Seeing and eating are two of the most important things to me. Yet, when money gets tight, the first thing I do is postpone going to the eye doctor or dentist.
(For those of you lucky enough to have a flexible spending account, you have two more weeks to use the remaining funds. I recommend a visit to your eye doctor or dentist.)
I have always felt guilty about getting my eyeglasses locally. I had a friend who went to the local optometrist and took her prescription to a larger city to get the glasses.
Then I read an article in the December, 2010 “Consumer Reports” magazine. In the article it said…
“…you might do better getting your specs at a doctor’s office or independent optical boutique; those typically scored high marks across the board, particularly when it came to employee know-how, service, and the quality of the finished glasses. You might even spend less than you would at some high-profile chains.”
There was only $1.00 difference between the private doctor’s office cost and the independent optical boutique.
So, we each need to decide what works best for our family.
My friend was frequently going to the larger city so it made sense for her to get her glasses there.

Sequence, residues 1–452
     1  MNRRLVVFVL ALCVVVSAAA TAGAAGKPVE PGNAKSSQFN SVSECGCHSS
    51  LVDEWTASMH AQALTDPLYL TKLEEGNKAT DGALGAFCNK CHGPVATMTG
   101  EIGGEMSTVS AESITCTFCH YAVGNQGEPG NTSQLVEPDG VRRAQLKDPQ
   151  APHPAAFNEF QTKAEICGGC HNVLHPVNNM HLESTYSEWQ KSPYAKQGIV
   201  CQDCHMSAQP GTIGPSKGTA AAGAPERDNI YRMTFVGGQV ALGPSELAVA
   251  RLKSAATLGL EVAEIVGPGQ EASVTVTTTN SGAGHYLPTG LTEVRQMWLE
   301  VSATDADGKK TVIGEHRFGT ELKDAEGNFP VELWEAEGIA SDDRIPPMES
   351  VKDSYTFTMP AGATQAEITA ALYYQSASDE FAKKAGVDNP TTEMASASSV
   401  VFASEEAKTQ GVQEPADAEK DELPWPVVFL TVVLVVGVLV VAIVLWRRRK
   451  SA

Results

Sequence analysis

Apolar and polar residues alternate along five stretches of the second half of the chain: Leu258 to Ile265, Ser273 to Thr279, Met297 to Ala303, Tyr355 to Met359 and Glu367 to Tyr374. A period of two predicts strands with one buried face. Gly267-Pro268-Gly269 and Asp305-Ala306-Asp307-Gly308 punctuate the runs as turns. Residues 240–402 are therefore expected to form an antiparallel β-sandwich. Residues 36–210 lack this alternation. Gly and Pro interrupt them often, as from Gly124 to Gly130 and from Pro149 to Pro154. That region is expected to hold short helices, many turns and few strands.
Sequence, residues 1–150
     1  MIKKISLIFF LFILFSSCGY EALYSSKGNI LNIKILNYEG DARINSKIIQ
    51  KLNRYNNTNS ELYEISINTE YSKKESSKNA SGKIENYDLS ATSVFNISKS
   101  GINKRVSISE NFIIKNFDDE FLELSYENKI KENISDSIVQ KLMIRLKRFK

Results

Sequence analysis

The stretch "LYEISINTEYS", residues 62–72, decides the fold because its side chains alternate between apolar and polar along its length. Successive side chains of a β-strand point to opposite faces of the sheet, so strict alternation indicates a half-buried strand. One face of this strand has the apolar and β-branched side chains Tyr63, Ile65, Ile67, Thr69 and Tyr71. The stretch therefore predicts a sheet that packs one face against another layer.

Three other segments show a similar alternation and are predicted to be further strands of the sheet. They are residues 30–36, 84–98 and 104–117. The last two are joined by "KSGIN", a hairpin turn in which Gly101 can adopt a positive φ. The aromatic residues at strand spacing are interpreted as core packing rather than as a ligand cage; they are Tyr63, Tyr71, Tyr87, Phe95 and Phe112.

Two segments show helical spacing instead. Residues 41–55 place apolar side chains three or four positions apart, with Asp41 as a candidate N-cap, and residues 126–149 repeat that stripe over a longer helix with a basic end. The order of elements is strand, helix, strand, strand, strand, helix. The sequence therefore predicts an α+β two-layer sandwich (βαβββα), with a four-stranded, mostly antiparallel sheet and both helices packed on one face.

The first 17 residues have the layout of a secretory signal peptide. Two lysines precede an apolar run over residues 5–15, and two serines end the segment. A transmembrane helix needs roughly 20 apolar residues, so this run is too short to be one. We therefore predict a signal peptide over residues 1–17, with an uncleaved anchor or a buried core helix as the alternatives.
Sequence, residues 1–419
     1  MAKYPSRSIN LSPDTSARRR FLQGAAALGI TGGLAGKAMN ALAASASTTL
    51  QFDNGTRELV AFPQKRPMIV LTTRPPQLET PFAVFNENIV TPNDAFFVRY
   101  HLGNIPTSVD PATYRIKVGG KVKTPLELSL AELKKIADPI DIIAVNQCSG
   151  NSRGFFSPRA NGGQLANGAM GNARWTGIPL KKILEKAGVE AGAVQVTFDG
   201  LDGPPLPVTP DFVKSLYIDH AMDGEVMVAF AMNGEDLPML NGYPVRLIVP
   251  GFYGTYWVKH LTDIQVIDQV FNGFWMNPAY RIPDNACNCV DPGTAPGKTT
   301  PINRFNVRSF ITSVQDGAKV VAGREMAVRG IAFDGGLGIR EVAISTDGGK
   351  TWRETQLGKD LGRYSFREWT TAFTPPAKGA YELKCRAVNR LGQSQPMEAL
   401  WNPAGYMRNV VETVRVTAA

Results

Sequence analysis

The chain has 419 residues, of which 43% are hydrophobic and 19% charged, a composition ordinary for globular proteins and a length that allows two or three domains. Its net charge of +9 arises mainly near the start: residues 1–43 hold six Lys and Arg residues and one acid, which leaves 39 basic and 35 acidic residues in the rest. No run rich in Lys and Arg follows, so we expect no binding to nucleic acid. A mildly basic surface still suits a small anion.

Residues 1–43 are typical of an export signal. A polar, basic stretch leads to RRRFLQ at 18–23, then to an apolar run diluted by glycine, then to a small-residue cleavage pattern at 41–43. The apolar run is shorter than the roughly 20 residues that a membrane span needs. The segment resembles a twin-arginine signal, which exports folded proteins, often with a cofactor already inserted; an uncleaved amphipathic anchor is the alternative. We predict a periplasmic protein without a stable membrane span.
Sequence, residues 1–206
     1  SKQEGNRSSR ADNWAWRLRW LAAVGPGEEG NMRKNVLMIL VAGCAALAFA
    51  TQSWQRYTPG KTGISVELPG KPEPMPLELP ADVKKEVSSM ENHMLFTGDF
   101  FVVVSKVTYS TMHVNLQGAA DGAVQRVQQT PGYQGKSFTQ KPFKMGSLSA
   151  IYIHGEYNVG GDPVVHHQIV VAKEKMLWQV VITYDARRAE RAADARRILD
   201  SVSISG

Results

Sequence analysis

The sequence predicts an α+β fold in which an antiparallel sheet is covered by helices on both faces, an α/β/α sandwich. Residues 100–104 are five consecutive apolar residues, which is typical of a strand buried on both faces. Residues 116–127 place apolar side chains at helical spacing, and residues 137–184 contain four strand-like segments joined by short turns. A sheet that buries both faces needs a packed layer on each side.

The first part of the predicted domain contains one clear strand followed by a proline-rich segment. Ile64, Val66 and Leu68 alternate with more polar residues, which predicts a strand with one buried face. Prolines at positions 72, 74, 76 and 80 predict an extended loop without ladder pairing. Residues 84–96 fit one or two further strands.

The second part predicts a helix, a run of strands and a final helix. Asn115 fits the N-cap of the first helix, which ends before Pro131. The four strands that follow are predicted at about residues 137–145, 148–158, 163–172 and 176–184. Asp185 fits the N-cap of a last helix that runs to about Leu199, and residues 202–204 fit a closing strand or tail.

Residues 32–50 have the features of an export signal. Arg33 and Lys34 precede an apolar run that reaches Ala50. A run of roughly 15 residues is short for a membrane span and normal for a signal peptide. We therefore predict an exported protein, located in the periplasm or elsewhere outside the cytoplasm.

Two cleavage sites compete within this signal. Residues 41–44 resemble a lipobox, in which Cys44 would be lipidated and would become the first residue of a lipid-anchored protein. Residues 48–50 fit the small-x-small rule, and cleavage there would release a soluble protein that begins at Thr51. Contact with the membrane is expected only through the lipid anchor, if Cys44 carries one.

I live in a small town in a rural area. I do not have any reasons to make frequent trips to a larger town.
I do have allergies that can wreak havoc on my eyes. I have had to be seen, after hours, several times to stop a severe allergic reaction.
So, I purchase my glasses at my local optometrists office as a way to thank them for being available.
In making your decision, be sure to include the cost of food, gas and lost wages for the trip to a larger city.
As for the dentist, I have two words…
A small cavity is cheaper to fill than a large one. You can prevent expensive repairs, or worse, the loss of your teeth.
If you live near a teaching university, you can get discounts on services by letting a student, under a teacher’s supervision, provide those services.
The most frugal thing you can do is to take care of your eyes and teeth yourself.
Protect your eyes with safety glasses when you are working and sun glasses when you are outside.
Protect your teeth by regular brushing, flossing, and using enamel building mouthwash.
Refrain from chewing on ice and popcorn hulls. Skip the toothpick and go for the floss.
Hm, floss would be a good stocking stuffer!
After all, last year I gave them “Spin Brush” toothbrushes.
Santa would approve.